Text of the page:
The Department of Earth was to be in charge of Agriculture and the Agricultural Sciences, Fire was to be in charge of the Military (but only for salutary purposes, such as cooking -- all the best chefs were decorated as great generals), Water was the Department of the Canals and Waterways while Air seemed to have responsibility for everything else.

And the rabbits were happy.

TC said...

But then they got to thinking about the meaning of that odd word "alloy"...

Susan Kay Anderson said...

I want to live in these woods
where trees are still gigantic
storybook before clear-cut
fantasies came true.

To touch smooth wood
trunks all there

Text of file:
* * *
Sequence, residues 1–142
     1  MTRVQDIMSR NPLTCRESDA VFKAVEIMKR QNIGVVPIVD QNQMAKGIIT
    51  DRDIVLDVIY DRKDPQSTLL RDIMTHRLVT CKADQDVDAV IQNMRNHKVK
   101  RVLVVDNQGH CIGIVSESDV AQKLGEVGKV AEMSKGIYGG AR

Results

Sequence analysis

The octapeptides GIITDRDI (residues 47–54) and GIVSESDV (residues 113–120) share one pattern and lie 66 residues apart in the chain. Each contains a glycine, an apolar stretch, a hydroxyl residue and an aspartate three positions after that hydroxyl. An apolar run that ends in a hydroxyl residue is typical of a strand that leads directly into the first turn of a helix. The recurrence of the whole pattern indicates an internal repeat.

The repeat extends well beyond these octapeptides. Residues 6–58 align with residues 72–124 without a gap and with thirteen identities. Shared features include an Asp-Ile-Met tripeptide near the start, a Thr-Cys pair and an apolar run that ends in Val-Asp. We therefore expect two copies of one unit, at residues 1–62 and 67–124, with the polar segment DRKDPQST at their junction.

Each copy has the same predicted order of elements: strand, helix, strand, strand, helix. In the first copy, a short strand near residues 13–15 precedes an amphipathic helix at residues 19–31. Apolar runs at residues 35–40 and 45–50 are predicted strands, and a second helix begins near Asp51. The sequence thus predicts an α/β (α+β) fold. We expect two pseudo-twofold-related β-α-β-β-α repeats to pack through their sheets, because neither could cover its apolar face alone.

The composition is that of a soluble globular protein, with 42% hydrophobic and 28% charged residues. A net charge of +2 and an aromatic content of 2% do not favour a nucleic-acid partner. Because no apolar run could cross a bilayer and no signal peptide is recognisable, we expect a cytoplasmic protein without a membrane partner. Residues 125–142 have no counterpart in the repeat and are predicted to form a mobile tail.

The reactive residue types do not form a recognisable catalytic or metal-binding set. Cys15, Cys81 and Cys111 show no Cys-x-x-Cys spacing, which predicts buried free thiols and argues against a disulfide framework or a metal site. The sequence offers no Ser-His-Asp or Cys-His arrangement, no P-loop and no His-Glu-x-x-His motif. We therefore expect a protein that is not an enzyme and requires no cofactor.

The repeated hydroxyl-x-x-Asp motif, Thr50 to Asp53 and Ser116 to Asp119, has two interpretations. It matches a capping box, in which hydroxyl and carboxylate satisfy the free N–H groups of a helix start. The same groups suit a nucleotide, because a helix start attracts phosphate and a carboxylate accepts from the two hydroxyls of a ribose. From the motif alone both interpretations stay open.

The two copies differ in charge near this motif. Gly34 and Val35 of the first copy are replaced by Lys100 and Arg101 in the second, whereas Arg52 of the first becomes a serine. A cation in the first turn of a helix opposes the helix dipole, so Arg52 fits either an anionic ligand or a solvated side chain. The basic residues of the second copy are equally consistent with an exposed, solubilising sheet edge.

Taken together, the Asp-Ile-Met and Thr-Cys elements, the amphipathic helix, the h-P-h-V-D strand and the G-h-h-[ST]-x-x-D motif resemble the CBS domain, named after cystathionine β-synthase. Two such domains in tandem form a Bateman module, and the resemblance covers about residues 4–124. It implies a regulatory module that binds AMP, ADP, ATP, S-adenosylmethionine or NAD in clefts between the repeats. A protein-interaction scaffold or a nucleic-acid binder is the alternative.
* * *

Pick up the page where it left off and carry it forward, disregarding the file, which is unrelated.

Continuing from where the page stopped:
the path

friendly going along
the family
cozy in front of the hut
everything there
in its place
under the tree
quite organic.

Wooden Boy said...

"Take us", we cry/ "to the places that are far off/ from yourselves"

This is how the ruse is taken. What a terrible intimacy we've come to.

The Samuel Palmers are wonderful.

Nin Andrews said...

"while the air crumbled
And broke on me generously as bread . . ."
But alas,
The machines own us. i know that today after trying to navigate tech support . . .

Susan Kay Anderson said...

Check out Calibanonline #9. It has speculative commentary about Tom Clark Beyond the Pale in the "Contributor's Advice" section that could quite possibly ignite the next poetry renaissance in the Department of Air.

Susan Kay Anderson said...

Half rabbit
half lamb
I sauntered down the path
in the wooden painting

observed my shadow
by daylight
out of my eye
I counted to seven
saw a V

bill sherman said...